Today The National Archives will be joining the Department for Culture, Media and Sport (DCMS) and members of the First World War Centenary partnership in a Twitter event to mark the one month countdown to the start of the First World War centenary commemorations.
Different organisations will be on hand throughout the day to tweet on a wide range of topics and issues to do with the history of the First World War and the centenary commemorations. At 10.30 (GMT +1) we will be answering questions you have about how to start researching your First World War ancestors. Later in the day, at 16.30, you can join us again to find out more about Operation War Diary and how you can become a citizen historian.
Because research advice can sometimes be more complicated than 140 characters will allow, we’ve addressed some of the more frequently asked questions that we receive in our reading rooms below. If your question isn’t there, join us on Twitter – use @UkNatArchives and #talkingWW1. Also, we will do our best to answer your question on Twitter, but sometimes we may post the reply here and tweet you a link.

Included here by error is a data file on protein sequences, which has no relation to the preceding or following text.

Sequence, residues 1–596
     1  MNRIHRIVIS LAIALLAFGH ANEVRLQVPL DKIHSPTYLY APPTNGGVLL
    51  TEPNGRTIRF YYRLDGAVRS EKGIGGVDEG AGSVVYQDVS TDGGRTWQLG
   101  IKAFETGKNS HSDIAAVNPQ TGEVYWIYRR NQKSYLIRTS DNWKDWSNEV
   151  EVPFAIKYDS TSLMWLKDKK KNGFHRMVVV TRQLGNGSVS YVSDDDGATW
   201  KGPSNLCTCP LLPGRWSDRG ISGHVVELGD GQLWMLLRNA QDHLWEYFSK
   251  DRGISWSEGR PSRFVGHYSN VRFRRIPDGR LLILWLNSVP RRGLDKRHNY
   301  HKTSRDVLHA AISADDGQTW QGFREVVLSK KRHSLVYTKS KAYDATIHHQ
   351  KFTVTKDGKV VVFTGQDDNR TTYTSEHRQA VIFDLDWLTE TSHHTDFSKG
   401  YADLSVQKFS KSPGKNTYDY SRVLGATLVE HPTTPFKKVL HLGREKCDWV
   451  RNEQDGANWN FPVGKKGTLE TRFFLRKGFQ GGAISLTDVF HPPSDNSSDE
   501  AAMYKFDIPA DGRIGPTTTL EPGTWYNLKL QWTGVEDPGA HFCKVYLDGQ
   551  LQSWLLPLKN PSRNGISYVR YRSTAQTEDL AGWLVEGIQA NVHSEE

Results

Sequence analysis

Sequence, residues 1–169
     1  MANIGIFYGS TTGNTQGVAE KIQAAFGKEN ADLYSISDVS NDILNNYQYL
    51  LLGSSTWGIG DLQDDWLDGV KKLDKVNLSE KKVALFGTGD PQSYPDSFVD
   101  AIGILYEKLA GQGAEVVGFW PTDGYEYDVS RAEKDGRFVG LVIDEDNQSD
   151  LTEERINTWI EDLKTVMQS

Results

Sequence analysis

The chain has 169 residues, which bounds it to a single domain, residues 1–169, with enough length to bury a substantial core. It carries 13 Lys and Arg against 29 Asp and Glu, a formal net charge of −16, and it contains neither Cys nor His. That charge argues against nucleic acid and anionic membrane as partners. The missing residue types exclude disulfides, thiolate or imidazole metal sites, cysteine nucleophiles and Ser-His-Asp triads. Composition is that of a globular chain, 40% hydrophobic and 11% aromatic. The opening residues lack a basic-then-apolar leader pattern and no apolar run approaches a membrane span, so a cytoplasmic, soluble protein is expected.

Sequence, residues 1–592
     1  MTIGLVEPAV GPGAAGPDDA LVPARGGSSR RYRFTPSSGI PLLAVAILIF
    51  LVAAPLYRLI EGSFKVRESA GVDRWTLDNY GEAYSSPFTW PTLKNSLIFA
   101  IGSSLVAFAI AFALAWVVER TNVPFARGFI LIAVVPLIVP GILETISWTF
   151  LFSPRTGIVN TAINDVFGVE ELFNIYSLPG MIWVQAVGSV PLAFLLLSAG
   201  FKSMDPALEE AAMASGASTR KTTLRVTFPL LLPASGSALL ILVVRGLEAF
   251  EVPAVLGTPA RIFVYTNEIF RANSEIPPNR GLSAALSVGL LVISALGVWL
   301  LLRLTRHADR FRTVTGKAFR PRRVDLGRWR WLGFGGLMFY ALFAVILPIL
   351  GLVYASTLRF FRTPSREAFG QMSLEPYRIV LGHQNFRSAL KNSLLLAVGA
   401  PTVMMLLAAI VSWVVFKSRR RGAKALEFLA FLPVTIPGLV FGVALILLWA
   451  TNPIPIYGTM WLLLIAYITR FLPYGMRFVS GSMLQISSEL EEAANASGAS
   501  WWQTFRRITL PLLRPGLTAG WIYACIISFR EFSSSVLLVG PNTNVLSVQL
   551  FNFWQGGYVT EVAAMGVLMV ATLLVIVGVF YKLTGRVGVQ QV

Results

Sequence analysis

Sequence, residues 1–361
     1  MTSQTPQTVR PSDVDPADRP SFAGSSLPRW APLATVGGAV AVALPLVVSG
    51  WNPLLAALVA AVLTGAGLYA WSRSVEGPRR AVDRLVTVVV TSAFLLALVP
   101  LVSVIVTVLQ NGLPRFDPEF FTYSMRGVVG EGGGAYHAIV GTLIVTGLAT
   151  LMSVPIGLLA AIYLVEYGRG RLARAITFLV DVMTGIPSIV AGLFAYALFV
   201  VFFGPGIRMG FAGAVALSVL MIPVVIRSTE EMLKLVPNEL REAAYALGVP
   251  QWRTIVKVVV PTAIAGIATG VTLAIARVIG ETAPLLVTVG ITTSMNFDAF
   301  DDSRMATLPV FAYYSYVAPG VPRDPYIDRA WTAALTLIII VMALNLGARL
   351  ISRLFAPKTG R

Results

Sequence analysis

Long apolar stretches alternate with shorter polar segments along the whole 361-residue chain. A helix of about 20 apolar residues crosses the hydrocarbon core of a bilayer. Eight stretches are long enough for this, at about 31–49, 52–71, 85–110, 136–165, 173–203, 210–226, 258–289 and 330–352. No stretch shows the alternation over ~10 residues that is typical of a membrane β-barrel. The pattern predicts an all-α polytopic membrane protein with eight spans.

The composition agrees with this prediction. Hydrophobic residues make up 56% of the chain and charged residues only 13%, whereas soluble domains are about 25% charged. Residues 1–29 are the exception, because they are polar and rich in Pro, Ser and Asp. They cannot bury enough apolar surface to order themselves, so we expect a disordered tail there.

So join us on Twitter, using #talkingWW1 to discuss the First World War, our ancestors and the centenary commemorations. What do you know about your First World War ancestor? Where did you find out the information – was it at a local archive, in our collection, or somewhere else? We’d also like to know what the centenary means to you and in what way you plan to mark it.
Frequently asked questions
Q) How do I search for a service record of an ancestor or person of interest?
A) Most First World War service records are available to search online. Please see The National Archives Looking for a Person webpage and select the relevant service (Army/Navy/Air Force/Marines) for links to begin your search. Please note there will be a fee to download online service records. Alternatively you can visit The National Archives in Kew to carry out the searches for free.